The 1999 Constitution was weakly endorsed at the time of its adoption yet is, paradoxically, overwhelmingly supported by Venezuelans today. Low electoral participation and socio-political dissatisfaction have not been in conflict with the strong support for democracy. A constitutional culture has prevailed over the mistrust of political leaders.
The SXXIC justifies its supremacy by structuring a new elite to dismantle pluralistic democracy. The government and state have become undifferentiated; the SXXIC monopolized the whole state. The regime’s destructive project was opportunistic, not genuinely ideological; Simón Bolívar and Karl Marx were placed in the same tray.
Constitutionalism does not characterize today’s Venezuelan SXXIC practices. More than that, the regime embodies a form of anti-constitutionalism because it has not complied with the fundamental human rights, democratic values, and institutions enshrined in the 1999 Constitution’s text, nor with a minimum of socio-economic redistributive justice.
[*] Lewis & Clark Law School, Visiting Scholar
 Consejo Nacional Electoral, Elecciones Presidenciales Cuadro Comparativo 1958-2000, http://www4.cne.gob.ve/web/documentos/estadisticas/e006.pdf.
 Michael Coppedge, Venezuela: Popular Sovereignty Versus Liberal Democracy 3 (Kellog Inst. for Intl. Studies, Working Paper No. 294, 2002), https://kellogg.nd.edu/sites/default/files/old_files/documents/294_0.pdf.
 Id., see also Consejo Nacional Electoral, Referendos Nacionales Efectuados en Venezuela (1999-2000) http://www.cne.gob.ve/web/documentos/estadisticas/e010.pdf (combining abstentions, votes against the SXXIC, and null votes).
 Coppedge, supra note 2 at 3, Table 1: Electoral Support for Chavismo.
 Poder Electoral Ofreció Primer Boletin Oficial, National Electoral Council Web Archive (Dec. 3, 2007) https://web.archive.org/web/20071213001745/http:/www.cne.gov.ve/noticiaDetallada.php?id=4347. I added abstentions, votes against the SXXIC, and nulls. Based on the official data indicated by the National Electoral Council’s office, I did the calculation.
 Gabriel Mario Santos Villarreal, Referéndum Constitucional de Venezuela 2009, 23-24 (Mar. 2009) http://www.diputados.gob.mx/sedia/sia/spe/SPE-ISS-05-09.pdf.
 EC/Agencias, Resultados de las Elecciones a la Constituyente en Venezuela del 30 de Julio, El Confidencial (July 7, 2017), https://www.elconfidencial.com/mundo/2017-07-31/resultados-elecciones-venezuela-asamblea-nacional-constituyente_1423083/.
 Humberto Briceno Leon, The International Criminal Court: Interconnection Between International Bodies in Venezuela, 24 Lewis & Clark L. Rev. 261, 269-275 (2020).
 Inter-American Commission on Human Rights, Democratic Institutions, the Rule of Law and Human Rights in Venezuela (2017), http://www.oas.org/en/iachr/reports/pdfs/Venezuela2018-en.pdf.
 See R4V, Refugee and Migrant Response Plan 2021 at 1, https://rmrp.r4v.info/.
 Hum. Rts. Council, Detailed Findings of the Independent International Fact-finding Mission on the Bolivarian Republic of Venezuela, ¶ 26-32, ¶ 33-39, ¶ 40-44, ¶ 45-53, ¶ 2084, ¶ 2086-2094, U.N. Doc. A/HRC/45/CRP.11 (Sept. 15, 2020) https://www.ohchr.org/EN/HRBodies/HRC/RegularSessions/Session45/Documents/A_HRC_45_CRP_11_EN.pdf.
 María Gabriela Ponce Zubillaga, La Pobreza en Venezuela: Mediciones, Acercamientos y Realidades. 1997-2007, Temas de Coyuntura 53, 73 (Dec. 2009) http://revistasenlinea.saber.ucab.edu.ve/temas/index.php/temasdecoyuntura/article/viewFile/1090/980.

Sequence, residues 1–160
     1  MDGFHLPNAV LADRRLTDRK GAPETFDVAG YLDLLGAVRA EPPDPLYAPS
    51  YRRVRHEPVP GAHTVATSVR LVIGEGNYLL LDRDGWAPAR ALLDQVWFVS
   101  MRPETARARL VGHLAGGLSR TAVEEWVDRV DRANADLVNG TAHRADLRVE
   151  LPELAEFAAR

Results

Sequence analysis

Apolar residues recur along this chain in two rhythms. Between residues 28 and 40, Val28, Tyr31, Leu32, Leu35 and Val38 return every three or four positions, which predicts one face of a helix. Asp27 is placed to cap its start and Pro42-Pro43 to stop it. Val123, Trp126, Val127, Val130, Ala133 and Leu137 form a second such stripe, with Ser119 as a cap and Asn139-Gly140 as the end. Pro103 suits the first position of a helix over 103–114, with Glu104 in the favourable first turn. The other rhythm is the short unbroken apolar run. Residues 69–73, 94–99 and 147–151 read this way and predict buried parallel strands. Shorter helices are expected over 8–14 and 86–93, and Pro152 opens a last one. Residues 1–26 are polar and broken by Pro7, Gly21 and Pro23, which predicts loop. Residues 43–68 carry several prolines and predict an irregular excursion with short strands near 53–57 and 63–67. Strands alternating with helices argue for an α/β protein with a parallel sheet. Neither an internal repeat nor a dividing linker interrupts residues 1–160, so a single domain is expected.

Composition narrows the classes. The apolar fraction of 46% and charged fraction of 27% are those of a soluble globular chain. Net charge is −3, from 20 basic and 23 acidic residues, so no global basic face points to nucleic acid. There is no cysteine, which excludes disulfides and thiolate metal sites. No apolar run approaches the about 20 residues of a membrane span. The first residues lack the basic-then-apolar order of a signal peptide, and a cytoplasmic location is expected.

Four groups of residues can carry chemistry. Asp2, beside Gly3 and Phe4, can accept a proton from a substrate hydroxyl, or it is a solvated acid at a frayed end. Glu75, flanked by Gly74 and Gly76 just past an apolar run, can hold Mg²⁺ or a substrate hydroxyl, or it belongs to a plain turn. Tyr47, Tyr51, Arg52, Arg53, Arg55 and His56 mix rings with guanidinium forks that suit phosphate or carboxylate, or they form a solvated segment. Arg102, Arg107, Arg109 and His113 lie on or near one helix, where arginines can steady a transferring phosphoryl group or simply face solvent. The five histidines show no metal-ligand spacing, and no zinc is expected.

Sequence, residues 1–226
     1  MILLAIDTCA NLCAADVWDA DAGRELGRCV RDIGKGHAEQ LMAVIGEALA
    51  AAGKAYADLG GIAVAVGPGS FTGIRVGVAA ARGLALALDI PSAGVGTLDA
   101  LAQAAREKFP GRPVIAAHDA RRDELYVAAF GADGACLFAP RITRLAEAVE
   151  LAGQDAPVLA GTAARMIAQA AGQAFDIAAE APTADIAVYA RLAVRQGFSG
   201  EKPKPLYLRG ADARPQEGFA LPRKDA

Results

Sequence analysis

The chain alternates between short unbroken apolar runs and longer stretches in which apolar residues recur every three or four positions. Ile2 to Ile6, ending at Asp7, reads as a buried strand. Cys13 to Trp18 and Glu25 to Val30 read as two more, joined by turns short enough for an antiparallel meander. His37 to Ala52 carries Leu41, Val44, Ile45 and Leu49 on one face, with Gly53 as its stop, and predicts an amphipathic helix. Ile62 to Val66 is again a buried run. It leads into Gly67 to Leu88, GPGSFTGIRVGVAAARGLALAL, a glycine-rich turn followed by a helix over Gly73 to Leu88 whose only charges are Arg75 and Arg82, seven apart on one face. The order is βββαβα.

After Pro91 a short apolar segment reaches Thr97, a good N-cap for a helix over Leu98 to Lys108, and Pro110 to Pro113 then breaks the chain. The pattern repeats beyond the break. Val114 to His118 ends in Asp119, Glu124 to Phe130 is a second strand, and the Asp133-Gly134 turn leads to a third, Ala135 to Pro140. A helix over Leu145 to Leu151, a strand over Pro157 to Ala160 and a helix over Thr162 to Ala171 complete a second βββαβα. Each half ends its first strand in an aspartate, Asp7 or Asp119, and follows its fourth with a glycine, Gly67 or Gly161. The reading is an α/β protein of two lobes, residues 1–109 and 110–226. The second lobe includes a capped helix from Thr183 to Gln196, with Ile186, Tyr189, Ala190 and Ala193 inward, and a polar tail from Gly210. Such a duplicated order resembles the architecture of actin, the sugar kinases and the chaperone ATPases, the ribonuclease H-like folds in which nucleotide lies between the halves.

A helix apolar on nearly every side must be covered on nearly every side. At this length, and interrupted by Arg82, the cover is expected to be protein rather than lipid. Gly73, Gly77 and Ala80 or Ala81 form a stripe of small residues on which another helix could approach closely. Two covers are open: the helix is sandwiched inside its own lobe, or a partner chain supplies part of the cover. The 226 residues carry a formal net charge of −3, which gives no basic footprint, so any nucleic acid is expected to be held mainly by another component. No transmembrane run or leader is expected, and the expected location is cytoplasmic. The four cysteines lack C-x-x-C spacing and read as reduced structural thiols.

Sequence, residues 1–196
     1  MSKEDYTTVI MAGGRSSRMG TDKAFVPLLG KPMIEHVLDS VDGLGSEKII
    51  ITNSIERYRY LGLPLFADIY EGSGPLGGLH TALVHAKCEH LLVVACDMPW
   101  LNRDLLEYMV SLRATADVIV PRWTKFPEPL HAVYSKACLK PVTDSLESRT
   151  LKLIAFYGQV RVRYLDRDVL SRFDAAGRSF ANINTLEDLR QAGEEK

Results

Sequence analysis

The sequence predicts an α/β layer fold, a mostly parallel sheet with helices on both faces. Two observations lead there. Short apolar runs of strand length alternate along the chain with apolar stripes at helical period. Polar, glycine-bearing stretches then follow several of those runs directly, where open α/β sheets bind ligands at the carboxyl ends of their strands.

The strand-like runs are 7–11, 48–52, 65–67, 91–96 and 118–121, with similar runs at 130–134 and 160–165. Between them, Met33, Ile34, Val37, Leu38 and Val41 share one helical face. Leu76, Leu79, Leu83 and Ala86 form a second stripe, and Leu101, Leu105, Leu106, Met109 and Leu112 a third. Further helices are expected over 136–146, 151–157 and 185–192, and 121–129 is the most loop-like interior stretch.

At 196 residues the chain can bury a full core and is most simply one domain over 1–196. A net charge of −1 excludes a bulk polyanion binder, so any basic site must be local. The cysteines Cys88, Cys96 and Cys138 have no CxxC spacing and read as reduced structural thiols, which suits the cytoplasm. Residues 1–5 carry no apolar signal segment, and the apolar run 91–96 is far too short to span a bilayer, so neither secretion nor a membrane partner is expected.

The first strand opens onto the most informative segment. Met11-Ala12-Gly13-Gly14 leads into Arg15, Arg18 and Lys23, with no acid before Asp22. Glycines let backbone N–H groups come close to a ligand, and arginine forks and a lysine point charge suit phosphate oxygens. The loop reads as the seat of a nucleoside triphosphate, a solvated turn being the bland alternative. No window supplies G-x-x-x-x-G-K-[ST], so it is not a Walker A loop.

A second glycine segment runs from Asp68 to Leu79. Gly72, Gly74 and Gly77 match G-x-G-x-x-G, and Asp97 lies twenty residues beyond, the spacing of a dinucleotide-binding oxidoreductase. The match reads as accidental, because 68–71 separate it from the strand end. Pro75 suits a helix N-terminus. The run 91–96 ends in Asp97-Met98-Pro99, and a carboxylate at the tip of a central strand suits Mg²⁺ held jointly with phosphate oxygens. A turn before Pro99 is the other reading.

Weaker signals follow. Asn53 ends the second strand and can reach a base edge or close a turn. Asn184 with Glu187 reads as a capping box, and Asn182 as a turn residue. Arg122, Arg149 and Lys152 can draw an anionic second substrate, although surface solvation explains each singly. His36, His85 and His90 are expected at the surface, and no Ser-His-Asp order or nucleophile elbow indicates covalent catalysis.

ENCOVI, Encuesta Nacional de Condiciones de Vida (2019-2020) https://www.proyectoencovi.com/informe-interactivo-2019.
 Corporación Latinobarómetro, Informe 2018 70 https://www.latinobarometro.org/latdocs/INFORME_2018_LATINOBAROMETRO.pdf.
 Colleen Walsh, Understanding Venezuela’s Collapse, The Harv. Gazette (Feb. 12, 2019) https://news.harvard.edu/gazette/story/2019/02/harvard-expert-tries-to-make-sense-of-venezuelas-collapse/.
 See Richard Albert, Counterconstitutionalism, 31 Dalhousie L. J. 1, 19 (2008).
 Corporación Latinobarómetro, supra note 16 at 17.
 Consejo Nacional Electoral, supra note 1.
 Freedom House, Countries and Territories, https://freedomhouse.org/countries/freedom-world/scores (comparing Venezuela’s Global Freedom score of 16/100 with the Netherlands’ score of 99/100); see also Freedom House, Venezuela Overview 2020 https://freedomhouse.org/country/venezuela/freedom-world/2020 (“Venezuela’s democratic institutions have deteriorated since 1999, but conditions have grown sharply worse in recent years due to the continued concentration of power in the executive and harsher crackdowns on the opposition.”).
 Corporación Latinobarómetro, supra note 16 at 16.
 Raúl Jiménez & Manuel Hidalgo, Forensic Analysis of Venezuelan Elections During the Chávez Presidency, PLoS ONE 1 (June 27, 2014).
 David Landau, Constitution-Making Gone Wrong, 64 Ala. L. Rev. 923, 941 (2013).
 Juan Carlos Rey & Jorge Pabón, Caminando por la Cuerda Floja: Los Poderes del Presidente, la Gobernabilidad y la Legitimidad en la Constitución de 1999, Centro Gumilla 244, 244-245 (2000), https://gumilla.org/biblioteca/bases/biblo/texto/SIC2000626_244-250.pdf.
 Mariaeugenia Morales, The People Show. La Historia Televisada de un Presidente, in La Comunicación Bajo Asedio: Balance de 17 Años 116 (Marcelino Bisbal ed., 2018).
 Kim Lane Scheppele, The Limits of Constitutionalism: Autocratic Legalism, 85 U. Chi. L. Rev. 545, 555 (2018).
 David Landau, Constitution-Making and Authoritarianism in Venezuela: The First Time as Tragedy, the Second as Farce, in Constitutional Democracy in Crisis? 161, 162 (Mark A. Graber ed., 2018).
 Datanalisis: 85% de los Venezolanos Rechaza Modificar la Constitución, Prodavinci (June 9, 2017), http://historico.prodavinci.com/2017/06/09/actualidad/datanalisis-85-de-los-venezolanos-rechaza-modificar-la-constitucion-laminas-2-2/.